This was not just cruel on the part of the federal government; it was also obtuse. If ICE were to catch these migrants, it would have to offer them the same medical assistance the camp was already giving them.
The Trump administration has been pushing the limits in other "safe zones," too. In September, ICE agents (most likely tipped off by a nurse) showed up at a Harlingen, Texas, hospital in the Rio Grande Valley where an undocumented couple, Oscar and Irma Sanchez, were seeking care for their 2-month-old American-born infant.
The child was suffering from pyloric stenosis, a condition that causes vomiting, dehydration, and weight loss. But the hospital wasn't equipped to treat that illness, and the baby needed to be transported to a facility in Corpus Christi.
ICE agents consented to let the couple accompany their child there on one condition: Once they arrived, they would be arrested and required to face deportation proceedings. The couple, who had no previous criminal record, agreed. An ICE van followed the ambulance transporting the baby all the way to the Corpus Christi hospital. Once there, agents promptly took the parents into the station to be fingerprinted and booked, delaying surgery on the child.
After the parents returned to the hospital, ICE shadowed their every move, including watching when Irma breastfed the baby. At the time of this writing, deportation proceedings against them were underway.
On another occasion, ICE agents stalked an undocumented worker at the Legacy Emanuel Health Center in Portland, Oregon, then arrested him at a bus stop just outside the hospital—a clear violation of the agency's "sensitive locations" policy, according to the medical facility. Its administrators worry that such actions will turn hospitals into traps and deter undocumented aliens from seeking care, compromising the center's mission.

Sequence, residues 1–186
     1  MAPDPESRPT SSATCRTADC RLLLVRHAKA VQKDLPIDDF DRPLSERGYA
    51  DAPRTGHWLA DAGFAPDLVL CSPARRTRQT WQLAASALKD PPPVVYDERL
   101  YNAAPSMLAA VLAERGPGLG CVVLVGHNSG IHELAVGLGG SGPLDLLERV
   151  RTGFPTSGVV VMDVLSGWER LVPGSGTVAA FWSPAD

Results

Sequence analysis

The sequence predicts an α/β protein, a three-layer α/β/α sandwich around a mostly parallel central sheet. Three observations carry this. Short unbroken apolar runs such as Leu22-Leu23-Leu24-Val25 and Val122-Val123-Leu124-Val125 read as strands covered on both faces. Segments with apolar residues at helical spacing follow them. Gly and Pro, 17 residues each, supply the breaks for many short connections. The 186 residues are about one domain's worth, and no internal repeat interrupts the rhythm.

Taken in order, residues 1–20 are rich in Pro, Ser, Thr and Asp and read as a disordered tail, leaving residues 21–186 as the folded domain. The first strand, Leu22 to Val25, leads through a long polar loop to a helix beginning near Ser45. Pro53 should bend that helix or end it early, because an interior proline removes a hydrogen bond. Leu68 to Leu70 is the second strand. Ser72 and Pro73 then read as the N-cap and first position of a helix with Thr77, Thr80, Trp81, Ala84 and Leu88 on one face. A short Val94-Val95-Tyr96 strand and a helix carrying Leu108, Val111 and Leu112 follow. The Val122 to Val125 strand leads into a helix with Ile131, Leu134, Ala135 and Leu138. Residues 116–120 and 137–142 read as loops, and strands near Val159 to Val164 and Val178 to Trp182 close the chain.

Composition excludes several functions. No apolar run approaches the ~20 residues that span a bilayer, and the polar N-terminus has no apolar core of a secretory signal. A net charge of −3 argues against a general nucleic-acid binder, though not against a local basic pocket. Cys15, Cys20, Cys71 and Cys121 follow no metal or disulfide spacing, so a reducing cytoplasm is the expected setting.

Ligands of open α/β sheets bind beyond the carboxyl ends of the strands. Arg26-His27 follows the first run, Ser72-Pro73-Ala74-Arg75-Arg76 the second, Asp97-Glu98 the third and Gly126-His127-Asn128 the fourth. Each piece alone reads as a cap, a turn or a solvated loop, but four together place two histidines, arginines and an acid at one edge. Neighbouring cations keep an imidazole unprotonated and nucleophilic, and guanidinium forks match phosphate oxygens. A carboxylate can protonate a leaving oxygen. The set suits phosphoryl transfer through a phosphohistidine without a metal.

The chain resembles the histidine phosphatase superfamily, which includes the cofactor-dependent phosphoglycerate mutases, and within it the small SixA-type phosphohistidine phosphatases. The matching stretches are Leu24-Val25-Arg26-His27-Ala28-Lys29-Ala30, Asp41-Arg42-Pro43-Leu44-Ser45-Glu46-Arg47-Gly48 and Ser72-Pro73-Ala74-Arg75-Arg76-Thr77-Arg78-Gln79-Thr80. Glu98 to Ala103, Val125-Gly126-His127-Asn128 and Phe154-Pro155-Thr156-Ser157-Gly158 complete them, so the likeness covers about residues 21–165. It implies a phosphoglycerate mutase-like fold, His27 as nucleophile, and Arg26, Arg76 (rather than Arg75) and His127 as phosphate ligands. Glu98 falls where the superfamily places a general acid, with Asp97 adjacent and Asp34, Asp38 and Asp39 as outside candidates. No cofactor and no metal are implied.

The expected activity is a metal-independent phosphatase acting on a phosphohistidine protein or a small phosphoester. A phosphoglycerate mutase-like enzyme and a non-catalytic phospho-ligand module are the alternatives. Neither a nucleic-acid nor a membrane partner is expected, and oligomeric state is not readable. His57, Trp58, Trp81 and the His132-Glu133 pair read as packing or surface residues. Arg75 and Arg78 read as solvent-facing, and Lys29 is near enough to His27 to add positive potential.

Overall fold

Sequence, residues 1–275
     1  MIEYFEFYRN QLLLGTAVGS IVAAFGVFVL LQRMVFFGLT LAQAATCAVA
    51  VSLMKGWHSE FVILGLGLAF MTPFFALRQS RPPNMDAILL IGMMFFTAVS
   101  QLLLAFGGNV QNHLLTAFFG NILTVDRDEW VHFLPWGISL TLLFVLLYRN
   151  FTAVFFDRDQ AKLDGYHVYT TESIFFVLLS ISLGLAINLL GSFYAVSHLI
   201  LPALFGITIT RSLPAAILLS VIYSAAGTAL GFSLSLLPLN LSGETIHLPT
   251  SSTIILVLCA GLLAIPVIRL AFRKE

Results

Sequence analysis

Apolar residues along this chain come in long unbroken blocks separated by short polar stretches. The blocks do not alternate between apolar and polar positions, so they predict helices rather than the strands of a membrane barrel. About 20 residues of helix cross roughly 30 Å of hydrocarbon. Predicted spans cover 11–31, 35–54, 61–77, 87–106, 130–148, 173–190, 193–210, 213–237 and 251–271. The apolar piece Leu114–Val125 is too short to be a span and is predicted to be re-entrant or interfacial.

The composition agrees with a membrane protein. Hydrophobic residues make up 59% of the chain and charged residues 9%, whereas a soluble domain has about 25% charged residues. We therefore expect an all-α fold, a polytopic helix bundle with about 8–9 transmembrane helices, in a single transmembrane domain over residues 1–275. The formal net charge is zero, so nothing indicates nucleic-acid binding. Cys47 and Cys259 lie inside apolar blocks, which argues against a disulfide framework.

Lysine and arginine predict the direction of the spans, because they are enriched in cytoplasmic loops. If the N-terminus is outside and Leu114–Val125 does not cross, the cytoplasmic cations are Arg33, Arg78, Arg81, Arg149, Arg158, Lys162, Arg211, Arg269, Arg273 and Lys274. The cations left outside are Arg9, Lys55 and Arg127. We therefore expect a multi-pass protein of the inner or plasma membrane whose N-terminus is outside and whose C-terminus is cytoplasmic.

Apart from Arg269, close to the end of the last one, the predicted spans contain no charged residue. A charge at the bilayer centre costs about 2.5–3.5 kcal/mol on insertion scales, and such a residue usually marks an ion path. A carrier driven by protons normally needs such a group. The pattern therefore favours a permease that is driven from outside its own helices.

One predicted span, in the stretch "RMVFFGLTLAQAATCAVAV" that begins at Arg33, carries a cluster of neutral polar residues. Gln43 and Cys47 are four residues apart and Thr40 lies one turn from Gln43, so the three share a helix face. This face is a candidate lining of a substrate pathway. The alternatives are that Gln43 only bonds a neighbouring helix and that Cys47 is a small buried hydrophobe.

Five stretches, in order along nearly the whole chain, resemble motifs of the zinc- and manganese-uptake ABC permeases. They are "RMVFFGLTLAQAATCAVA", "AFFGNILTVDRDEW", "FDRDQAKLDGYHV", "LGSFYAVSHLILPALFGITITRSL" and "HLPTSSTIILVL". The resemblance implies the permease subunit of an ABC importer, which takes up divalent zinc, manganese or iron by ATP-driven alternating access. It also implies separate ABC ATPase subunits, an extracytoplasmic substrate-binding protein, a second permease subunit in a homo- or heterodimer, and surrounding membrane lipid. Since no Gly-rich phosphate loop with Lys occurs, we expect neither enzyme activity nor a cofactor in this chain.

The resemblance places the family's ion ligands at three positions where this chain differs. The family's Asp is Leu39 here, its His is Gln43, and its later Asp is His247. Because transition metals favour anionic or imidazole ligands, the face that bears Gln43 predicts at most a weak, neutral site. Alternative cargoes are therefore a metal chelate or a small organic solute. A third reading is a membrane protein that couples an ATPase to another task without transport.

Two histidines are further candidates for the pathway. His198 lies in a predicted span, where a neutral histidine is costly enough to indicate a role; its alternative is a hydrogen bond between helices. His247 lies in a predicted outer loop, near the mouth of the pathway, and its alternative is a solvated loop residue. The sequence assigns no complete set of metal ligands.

The feds also arrested a father after he dropped off his daughter at school in Los Angeles, signaling that undocumented parents can't expect to perform normal, daily activities unmolested.
All of this represents a dramatic departure from Obama's enforcement policies, and he was no slouch himself when it came to deportations. That administration expanded what counted as a deportable crime, but it also issued clear guidance instructing ICE only to target aliens with a criminal record. Trump has declared that while criminal immigrants will be especially targeted, everyone is fair game.
It is unclear whether courts and hospitals can do anything to protect themselves from overzealous federal immigration enforcement. But when it comes to churches, Heintzelman and Pennington, the two Phoenix clergymen, are determined to try. Their state's religious community already has a noble tradition of resisting the government when it comes to protecting vulnerable foreigners.
A Legacy of Faith-Based Resistance
In the 1980s, after the U.S. began turning away refugees fleeing the repressive right-wing regimes the Reagan administration was backing in Guatemala and El Salvador, Arizona churches mounted a massive sanctuary movement. The Southside Presbyterian Church in Tucson declared a policy of open defiance that was quickly embraced by religious institutions across the state and in California, Texas, and Illinois. In all, 150 national congregations and 1,000 local Jewish and Christian houses of worship joined in, working with activists in Mexico to smuggle hundreds of Salvadorans and Guatemalans over the border and then housing them in rectories and pews—a modern version of the Underground Railroad.
In 1985, the Justice Department issued a 71-point criminal conspiracy indictment against the Arizona activists. The feds won in court, but the publicity they received was so damning that they opted not to push for jail time, even after the defendants told a judge they had no intention to cease and desist. The movement continued to grow following the trial, subsiding only when the country embraced more humane asylum policies, such as the 1990 law allowing the president to grant Temporary Protected Status to certain groups in need of a safe haven.